Quotes Tagged "fanaticism"
Every November of my boyhood, we put on red poppies and attended highly patriotic services in remembrance of those who had 'given' their lives. But on what assurance did we know that these gifts had really been made? Only the survivors—the living—could attest to it. In order to know that a person had truly laid down his life for his friends, or comrades, one would have to hear it from his own lips, or at least have heard it promised in advance. And that presented another difficulty. Many brave and now dead soldiers had nonetheless been conscripts. The known martyrs—those who actually, voluntarily sought death and rejoiced in the fact—had been the kamikaze pilots, immolating themselves to propitiate a 'divine' emperor who looked (as Orwell once phrased it) like a monkey on a stick. Their Christian predecessors had endured torture and death (as well as inflicted it) in order to set up a theocracy. Their modern equivalents would be the suicide murderers, who mostly have the same aim in mind. About people who set out to lose their lives, then, there seems to hang an air of fanaticism: a gigantic sense of self-importance unattractively fused with a masochistic tendency to self-abnegation. Not wholesome. The better and more realistic test would therefore seem to be: In what cause, or on what principle, would you risk your life?
I wonder, sometimes, if the Continentals were like shoals of fish, & the slightest flick of one fish caused dozens of others to follow suit, until the entire shimmering cloud had changed course. And were the Divinities the sum of this cloud? An embodiment, perhaps, of a national subconscious? Or were they empowered by the thoughts & praises of millions of people, yet also yoked to every one of those thoughts – giant, terrible puppets forced to dance by the strings of millions of puppeteers. This knowledge, I think, is incredibly dangerous. The Continentals derive so much pride & so much power from having Divine approval … but were they merely hearing the echoes of their own voices, magnified through strange caverns & tunnels? When they spoke to the Divinities, were they speaking to giant reflections of themselves?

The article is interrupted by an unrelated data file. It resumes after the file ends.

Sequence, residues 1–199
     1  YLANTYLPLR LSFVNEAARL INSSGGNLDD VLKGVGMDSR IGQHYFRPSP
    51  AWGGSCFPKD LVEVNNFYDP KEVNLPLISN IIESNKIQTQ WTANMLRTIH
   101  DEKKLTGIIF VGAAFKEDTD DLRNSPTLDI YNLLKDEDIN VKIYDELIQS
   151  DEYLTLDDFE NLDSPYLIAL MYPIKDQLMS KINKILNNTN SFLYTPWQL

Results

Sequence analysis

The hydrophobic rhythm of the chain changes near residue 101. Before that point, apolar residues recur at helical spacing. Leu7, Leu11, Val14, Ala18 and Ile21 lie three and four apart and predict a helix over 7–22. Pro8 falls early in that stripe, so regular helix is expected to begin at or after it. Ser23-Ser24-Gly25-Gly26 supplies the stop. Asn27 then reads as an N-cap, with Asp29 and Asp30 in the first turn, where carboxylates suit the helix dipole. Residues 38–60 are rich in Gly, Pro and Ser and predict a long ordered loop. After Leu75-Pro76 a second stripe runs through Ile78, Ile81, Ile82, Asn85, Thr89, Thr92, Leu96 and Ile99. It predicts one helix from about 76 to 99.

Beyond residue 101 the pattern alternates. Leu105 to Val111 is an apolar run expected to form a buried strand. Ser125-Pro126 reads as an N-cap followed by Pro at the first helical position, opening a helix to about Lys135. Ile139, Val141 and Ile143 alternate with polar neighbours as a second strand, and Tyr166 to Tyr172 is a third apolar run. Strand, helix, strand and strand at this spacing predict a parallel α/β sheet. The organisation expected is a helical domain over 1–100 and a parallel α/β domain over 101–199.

In that face, deformed by hatred of philosophy, I saw for the first time the portrait of the Antichrist, who does not come from the tribe of Judas, as his heralds have it, or from a far country. The Antichrist can be born from piety itself, from excessive love of God or of the truth, as the heretic is born from the saint and the possessed from the seer. Fear prophets, Adso, and those prepared to die for the truth, for as a rule they make many others die with them, often before them, at times instead of them. Jorge did a diabolical thing because he loved his truth so lewdly that he dared anything in order to destroy falsehood.
On the whole, scientific methods are at least as important results of investigation as any other results, for the scientific spirit is based upon a knowledge of method, and if the methods were lost, all the results of science could not prevent the renewed prevalence of superstition and absurdity. Clever people may learn as much as they like of the results of science, but one still notices in their conversation, and especially in the hypotheses they make, that they lack the scientific spirit; they have not the instinctive distrust of the devious courses of thinking which, in consequence of long training, has taken root in the soul of every scientific man. It is enough for them to find any kind of hypothesis on a subject, they are then all on fire for it, and imagine the matter is thereby settled. To have an opinion is with them equivalent to immediately becoming fanatical for it, and finally taking it to heart as a conviction. In the case of an unexplained matter they become heated for the first idea that comes into their head which has any resemblance to an explanation—a course from which the worst results constantly follow, especially in the field of politics. On that account everybody should nowadays have become thoroughly acquainted with at least one science, for then surely he knows what is meant by method, and how necessary is the extremest carefulness.